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Thursday, 6 May 1915

Senator BUZACOTT (Western Australia) . - The motion that the Ministerial statement be printed has already received a good deal of attention from honorable senators, and, therefore, if we had had any important business to go on with, I would not have taken up further time in adding to the debate. But as there is no important business to hand, I will, for a few moments, briefly refer to some of the most important points that have been raised. I congratulate the Government on the statement brought forward, and more particularly do I congratulate the Minister of Defence upon the very able manner in which he has administered his Department during the strenuous times through which we have recently been passing. In a huge Department like that of Defence mistakes are inevitable. I do not care who the individual may be who has to administer a Department of this importance, he will make mistakes. If the present Minister makes a mistake he is always prepared to learn by that mistake, and to rectify any error as soon as possible. So long as he is prepared to do that, we know perfectly well that we could not have anybody better fitted to preside over the Department and more able to administer its affairs than the present Minister of Defence. That brings me to the question of the Expeditionary Forces. We all regret that so many casualties have occurred in the fighting line during the last few days. The heartfelt" sympathy, not only of every member of this Parliament, but of every patriotic citizen of Australia, goes out to the relatives of those who have fallen in the field of battle. They have at least the satisfaction of knowing that their father, their son, or their brother have fallen in the defence of their homeland, and have left behind a name that will be remembered for many years to come. When we take into consideration the fact that these men are fighting the battles of Australia, we can only regret that there are members of this Parliament to-day - and I am glad to see Senator Bakhap is present - prepared to make the statement that these men should be paid at the paltry rate of ls. 2d. per day.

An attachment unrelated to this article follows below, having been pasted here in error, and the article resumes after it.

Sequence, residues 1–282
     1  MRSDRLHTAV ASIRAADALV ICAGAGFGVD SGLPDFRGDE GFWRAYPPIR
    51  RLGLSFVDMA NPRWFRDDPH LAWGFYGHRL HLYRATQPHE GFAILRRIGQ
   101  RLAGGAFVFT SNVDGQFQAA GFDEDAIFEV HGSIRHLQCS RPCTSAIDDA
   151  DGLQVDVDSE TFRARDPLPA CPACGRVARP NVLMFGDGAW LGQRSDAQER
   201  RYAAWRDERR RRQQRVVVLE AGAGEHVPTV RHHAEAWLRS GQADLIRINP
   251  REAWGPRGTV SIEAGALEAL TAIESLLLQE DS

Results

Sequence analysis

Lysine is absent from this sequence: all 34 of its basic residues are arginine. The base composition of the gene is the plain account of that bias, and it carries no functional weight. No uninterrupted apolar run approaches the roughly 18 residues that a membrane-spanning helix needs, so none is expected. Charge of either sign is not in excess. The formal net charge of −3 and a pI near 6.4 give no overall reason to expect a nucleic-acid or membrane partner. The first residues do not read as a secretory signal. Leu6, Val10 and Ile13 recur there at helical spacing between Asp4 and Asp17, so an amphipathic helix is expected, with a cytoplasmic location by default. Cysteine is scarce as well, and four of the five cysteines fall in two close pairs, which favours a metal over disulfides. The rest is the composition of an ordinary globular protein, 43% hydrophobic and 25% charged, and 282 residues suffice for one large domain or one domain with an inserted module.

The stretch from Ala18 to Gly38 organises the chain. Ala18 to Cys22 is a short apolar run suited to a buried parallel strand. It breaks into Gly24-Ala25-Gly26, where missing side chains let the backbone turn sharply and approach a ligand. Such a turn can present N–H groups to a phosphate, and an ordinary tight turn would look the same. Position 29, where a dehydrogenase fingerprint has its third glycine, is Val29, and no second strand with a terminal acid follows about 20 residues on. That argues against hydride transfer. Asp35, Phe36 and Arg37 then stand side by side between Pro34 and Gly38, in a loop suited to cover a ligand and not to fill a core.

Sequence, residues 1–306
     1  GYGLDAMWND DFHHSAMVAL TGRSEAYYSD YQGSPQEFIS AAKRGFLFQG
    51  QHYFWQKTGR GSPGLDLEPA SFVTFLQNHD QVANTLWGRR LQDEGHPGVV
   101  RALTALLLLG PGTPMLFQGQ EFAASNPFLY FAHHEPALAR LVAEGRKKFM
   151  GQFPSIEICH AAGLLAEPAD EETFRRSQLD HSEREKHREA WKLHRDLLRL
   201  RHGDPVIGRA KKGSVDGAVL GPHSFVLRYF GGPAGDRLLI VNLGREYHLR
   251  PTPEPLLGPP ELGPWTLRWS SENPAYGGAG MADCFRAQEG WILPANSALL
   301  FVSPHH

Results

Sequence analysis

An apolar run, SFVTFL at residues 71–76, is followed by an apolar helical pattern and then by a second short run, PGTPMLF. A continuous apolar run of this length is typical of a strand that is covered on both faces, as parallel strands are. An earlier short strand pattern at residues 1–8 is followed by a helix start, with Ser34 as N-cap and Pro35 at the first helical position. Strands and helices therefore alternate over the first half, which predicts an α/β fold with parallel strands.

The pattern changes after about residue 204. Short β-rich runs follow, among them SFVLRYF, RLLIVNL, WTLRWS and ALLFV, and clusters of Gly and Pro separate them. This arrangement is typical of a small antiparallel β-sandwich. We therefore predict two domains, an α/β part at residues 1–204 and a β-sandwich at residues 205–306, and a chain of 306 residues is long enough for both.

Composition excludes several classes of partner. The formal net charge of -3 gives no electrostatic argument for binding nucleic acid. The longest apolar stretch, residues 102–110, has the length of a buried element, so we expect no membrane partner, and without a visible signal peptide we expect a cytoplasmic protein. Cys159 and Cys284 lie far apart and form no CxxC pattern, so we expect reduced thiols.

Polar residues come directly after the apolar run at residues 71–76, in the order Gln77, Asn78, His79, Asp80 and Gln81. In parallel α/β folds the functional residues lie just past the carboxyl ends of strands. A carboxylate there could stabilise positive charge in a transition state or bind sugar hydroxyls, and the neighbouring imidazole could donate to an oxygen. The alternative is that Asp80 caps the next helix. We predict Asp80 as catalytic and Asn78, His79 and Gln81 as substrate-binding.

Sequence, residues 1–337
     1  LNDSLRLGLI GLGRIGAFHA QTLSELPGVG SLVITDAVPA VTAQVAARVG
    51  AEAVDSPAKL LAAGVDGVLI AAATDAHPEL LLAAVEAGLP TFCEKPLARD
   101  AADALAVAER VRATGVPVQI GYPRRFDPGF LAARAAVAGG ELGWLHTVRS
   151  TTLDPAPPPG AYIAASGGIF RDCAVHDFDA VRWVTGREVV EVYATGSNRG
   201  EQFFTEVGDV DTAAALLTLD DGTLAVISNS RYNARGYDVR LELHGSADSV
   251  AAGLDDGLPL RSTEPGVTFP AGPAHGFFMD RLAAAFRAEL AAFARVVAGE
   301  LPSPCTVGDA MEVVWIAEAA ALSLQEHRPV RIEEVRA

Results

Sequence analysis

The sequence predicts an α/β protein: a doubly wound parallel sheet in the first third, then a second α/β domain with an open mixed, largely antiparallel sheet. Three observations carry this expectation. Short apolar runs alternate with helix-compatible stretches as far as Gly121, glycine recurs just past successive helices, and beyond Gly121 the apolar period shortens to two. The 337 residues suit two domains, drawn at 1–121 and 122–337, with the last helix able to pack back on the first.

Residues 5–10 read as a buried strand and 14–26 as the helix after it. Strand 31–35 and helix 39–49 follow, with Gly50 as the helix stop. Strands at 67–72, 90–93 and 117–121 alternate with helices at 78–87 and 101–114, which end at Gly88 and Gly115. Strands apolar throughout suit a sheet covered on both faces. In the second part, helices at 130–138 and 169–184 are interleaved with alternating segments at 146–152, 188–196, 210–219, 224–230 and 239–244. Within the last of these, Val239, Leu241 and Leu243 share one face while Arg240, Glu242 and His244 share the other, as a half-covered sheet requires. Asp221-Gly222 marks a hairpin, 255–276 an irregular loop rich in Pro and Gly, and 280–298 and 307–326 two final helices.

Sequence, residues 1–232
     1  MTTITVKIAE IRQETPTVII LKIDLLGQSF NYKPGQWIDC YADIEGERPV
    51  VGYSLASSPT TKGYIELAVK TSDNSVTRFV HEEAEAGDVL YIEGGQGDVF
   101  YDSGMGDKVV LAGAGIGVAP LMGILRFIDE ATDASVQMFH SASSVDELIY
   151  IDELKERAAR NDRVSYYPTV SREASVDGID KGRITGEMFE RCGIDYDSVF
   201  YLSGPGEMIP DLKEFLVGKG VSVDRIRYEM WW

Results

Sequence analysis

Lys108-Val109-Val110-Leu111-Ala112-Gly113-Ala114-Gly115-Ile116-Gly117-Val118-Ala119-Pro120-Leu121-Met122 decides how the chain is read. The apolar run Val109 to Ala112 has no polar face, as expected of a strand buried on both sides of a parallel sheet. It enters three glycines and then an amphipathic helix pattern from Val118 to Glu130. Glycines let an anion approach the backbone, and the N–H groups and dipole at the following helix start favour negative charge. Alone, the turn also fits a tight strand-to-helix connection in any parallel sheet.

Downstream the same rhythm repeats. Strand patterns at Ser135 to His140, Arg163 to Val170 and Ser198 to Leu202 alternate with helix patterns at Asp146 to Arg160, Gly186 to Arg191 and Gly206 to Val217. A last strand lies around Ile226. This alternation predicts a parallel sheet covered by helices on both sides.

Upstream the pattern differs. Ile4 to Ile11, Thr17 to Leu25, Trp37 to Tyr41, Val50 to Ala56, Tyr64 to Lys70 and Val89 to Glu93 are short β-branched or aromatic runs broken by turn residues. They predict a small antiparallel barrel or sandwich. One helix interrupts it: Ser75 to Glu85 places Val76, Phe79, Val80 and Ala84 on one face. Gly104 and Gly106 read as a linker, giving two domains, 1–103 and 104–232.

Senator Bakhap - The honorable senator ought to differentiate. I say we should have conscription, and pay the conscripts ls. 2d. per day.